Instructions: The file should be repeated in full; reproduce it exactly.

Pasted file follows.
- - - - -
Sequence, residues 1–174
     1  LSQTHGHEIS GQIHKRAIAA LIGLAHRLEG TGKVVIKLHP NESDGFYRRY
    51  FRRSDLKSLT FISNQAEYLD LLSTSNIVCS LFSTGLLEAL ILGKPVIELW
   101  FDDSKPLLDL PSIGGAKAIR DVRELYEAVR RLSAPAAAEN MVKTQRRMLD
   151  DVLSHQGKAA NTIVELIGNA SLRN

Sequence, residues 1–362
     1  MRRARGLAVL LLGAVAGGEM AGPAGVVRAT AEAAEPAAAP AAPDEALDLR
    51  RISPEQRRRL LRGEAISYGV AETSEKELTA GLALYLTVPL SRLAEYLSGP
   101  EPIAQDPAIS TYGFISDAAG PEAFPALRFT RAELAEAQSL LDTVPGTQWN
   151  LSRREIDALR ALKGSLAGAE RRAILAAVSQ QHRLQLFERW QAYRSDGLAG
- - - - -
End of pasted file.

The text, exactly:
Sequence, residues 1–174
     1  LSQTHGHEIS GQIHKRAIAA LIGLAHRLEG TGKVVIKLHP NESDGFYRRY
    51  FRRSDLKSLT FISNQAEYLD LLSTSNIVCS LFSTGLLEAL ILGKPVIELW
   101  FDDSKPLLDL PSIGGAKAIR DVRELYEAVR RLSAPAAAEN MVKTQRRMLD
   151  DVLSHQGKAA NTIVELIGNA SLRN

Sequence, residues 1–362
     1  MRRARGLAVL LLGAVAGGEM AGPAGVVRAT AEAAEPAAAP AAPDEALDLR
    51  RISPEQRRRL LRGEAISYGV AETSEKELTA GLALYLTVPL SRLAEYLSGP
   101  EPIAQDPAIS TYGFISDAAG PEAFPALRFT RAELAEAQSL LDTVPGTQWN
   151  LSRREIDALR ALKGSLAGAE RRAILAAVSQ QHRLQLFERW QAYRSDGLAG